Watching the Past Roll By

It’s three in the morning, and you’ve drunk enough that you have that buzz coursing through you. You don’t even mind the shitty electronic music throbbing and pulsing because you’re mellow, and there are lots of people mixing it up on the floor. You settle back and watch because since The Breakup you don’t feel like cruising.

You watch your best friend Katie on the dance floor and think she still looks like a dumbass when she dances, but she’s never figured that out, and you aren’t going to clue her in. Anyway, you’re only a guest, and it’s her party. You’ve been BFF’s since kindergarten.

You pour one more vodka from your private pint into an orange juice and try to ignore the fact that you don’t know anyone here, and most of the people haven’t bothered to learn your name. It’s just a party. Katie’s party. You don’t really mind that she’s ignored you most of the weekend because this is her life, and you’re just visiting. Maybe you haven’t been great company. The Breakup was rough, and maybe you are a little raw deep inside. Funny how Katie used to understand that, but she’s really busy these days. You don’t want to get in the way.

You’re chilling out when the guy Katie has been trying to impress all night sits down next to you and starts to talk to you. You try to ignore his big blue eyes and thick sun streaked hair. He’s majoring in economics but speaks Russian and has minored in history. He tells you he’s not really into partying as much as he used to be.

You say, “I thought you were with Katie.”

“We’re just in class together,” he says. “Econ. What are you studying?”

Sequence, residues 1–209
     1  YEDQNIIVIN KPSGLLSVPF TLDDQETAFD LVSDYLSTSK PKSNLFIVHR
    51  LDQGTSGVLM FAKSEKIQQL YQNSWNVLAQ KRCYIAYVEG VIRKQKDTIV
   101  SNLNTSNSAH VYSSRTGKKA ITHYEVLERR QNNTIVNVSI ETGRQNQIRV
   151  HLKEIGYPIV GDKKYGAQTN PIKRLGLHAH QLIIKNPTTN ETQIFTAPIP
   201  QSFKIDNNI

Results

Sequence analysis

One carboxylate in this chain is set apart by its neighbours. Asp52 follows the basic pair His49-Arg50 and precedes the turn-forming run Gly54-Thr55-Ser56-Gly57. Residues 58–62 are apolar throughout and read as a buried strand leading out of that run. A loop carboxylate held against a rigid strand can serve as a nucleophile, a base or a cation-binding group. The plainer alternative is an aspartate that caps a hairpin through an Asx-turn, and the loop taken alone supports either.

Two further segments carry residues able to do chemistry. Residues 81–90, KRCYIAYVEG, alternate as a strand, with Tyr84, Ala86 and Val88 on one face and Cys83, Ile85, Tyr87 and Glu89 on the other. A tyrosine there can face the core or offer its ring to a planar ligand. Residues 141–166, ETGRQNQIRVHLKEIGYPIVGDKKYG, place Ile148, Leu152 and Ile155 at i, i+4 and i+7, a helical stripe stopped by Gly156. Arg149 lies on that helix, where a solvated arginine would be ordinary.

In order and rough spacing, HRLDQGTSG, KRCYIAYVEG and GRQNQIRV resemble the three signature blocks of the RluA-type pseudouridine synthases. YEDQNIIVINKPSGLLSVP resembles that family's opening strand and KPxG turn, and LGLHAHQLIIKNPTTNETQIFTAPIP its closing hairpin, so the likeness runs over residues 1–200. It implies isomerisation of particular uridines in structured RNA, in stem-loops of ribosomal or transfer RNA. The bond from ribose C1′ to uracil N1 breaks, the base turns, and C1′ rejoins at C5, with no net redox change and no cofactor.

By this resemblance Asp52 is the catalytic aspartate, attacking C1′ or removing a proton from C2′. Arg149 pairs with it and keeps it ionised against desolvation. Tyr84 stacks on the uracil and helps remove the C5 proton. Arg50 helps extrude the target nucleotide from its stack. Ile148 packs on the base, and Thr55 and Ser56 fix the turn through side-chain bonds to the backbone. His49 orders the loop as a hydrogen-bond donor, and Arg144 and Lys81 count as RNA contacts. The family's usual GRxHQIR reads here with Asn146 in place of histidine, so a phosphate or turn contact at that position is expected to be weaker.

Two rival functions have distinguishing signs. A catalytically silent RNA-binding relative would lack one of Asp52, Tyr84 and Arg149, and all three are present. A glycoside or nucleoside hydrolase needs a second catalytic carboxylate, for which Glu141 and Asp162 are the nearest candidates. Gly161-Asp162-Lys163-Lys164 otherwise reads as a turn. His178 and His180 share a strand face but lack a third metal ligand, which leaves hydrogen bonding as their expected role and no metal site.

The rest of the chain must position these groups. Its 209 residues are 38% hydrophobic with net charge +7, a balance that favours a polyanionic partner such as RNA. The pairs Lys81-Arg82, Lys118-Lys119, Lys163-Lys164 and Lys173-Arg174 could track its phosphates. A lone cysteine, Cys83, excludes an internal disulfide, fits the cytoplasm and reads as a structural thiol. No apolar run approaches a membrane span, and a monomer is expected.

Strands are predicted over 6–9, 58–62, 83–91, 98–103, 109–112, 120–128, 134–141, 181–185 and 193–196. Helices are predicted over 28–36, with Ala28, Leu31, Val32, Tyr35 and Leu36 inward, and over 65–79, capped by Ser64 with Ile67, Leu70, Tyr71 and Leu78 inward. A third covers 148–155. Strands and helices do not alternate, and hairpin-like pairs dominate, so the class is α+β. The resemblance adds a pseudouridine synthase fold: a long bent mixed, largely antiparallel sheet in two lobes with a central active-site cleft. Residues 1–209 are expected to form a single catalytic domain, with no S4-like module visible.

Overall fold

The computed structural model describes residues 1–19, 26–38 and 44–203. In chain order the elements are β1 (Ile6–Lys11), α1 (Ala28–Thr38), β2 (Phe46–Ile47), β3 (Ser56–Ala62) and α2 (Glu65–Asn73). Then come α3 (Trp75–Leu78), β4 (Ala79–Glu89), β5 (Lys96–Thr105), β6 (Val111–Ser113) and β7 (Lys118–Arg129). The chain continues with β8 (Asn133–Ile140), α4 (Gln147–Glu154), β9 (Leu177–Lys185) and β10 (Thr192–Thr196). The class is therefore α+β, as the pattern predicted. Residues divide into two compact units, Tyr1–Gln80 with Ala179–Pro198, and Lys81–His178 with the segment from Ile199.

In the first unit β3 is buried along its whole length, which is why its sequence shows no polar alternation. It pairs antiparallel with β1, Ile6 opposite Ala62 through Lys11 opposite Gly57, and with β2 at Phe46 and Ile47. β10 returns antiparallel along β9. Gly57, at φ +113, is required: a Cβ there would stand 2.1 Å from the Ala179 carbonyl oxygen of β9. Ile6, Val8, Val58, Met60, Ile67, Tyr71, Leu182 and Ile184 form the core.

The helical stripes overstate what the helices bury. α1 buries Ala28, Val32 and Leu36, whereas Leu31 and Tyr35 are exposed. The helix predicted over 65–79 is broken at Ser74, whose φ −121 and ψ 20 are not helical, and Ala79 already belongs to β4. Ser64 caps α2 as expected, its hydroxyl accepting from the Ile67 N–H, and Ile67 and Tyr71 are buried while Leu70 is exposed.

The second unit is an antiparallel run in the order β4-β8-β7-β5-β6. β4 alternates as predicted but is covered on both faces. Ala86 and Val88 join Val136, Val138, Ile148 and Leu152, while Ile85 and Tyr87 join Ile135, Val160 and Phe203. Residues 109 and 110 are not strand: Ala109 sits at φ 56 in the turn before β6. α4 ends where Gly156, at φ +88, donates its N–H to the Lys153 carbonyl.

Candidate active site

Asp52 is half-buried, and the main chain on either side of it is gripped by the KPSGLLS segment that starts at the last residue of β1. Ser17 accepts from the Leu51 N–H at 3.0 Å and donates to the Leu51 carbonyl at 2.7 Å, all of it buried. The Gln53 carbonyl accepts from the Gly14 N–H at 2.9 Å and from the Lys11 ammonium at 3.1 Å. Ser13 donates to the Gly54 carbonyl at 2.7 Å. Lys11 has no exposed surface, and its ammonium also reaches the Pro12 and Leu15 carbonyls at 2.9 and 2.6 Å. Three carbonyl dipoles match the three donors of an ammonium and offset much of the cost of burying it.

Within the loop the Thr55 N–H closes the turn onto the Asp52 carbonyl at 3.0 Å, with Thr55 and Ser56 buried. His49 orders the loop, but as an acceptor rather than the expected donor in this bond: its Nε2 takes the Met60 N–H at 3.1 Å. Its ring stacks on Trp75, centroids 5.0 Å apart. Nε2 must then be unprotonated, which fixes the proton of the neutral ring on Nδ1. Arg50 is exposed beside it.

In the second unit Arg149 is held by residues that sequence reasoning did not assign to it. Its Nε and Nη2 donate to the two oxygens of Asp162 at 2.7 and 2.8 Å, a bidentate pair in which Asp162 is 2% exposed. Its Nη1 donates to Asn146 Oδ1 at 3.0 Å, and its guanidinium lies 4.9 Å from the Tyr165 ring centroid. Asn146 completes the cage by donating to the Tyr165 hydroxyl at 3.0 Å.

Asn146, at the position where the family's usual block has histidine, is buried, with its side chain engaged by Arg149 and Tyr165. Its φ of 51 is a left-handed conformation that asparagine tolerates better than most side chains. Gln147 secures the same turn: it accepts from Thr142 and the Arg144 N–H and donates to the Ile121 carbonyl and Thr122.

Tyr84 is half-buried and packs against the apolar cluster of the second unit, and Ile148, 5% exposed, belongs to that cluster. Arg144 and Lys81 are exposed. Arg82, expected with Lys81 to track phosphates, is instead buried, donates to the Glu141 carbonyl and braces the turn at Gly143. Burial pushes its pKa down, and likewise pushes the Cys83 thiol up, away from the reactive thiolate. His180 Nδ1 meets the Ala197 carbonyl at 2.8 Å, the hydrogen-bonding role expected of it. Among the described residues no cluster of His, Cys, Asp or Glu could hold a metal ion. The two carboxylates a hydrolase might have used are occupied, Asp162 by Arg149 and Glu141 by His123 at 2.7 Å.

You tell him archeology and expect him to laugh, but he doesn’t. He starts to talk about Japan and visiting Joman sites, and you find yourself having a real conversation. Some of the heaviness in your chest lifts.

Katie walks over. She is smiling, but you can see by the way her eyes are slightly narrowed that she isn’t happy.

“Why’d you leave the dance floor, Jack?”

Jack shrugs. “I came over to talk to your friend. She was all by herself.”

“That’s ‘cause she’s a loser,” Katie says with a small mean smirk. “She doesn’t even go here. She didn’t get in.”

You don’t say anything because you can’t really believe Katie would say something like that, especially since you never even applied here. But it stings. You’re supposed to be her guest, and it strikes you that this isn’t the first time this weekend she’s acted like an asshole.

A couple of Katie’s housemates come over to get in on the action. They join in on the “She’s a loser chant”, and you just want to get out. You just stand up and tell them to fuck off, and head upstairs. The party continues.

You’ve been sacking out on the floor in Katie’s room, but it’s easy to gather your things. You were planning to leave on the early train tomorrow anyway. You slip out the door and head to the all night dinner four blocks down the street to sober up. You want to cry, but you tell yourself it isn’t worth it. You don’t feel better.

By six in the morning, you have a headache, and you sit at the train station waiting on the six thirty seven train. Your body aches, but you have drunk three cups of coffee, and ate some scrambled eggs and bacon. You’ll survive.

About fifteen minutes ago, you got a text from Katie apologizing for being an asshole, and you’ll probably forgive her because you’ve been best friends since kindergarten. But you know deep inside something has changed. The girl who practically lived at your house, the girl who helped you pick out your first prom dress, the girl who could finish your sentences, that girl could never have treated you like shit and called you a loser. Especially not over a guy.

The announcer calls your train and you head down to board. It doesn’t take long, and soon you’re moving out of the station. Grey light has broken over the countryside. You listen to the click clack of the wheels on the tracks as the train gains momentum.

You rest your head on the cold window and watch the past roll by.

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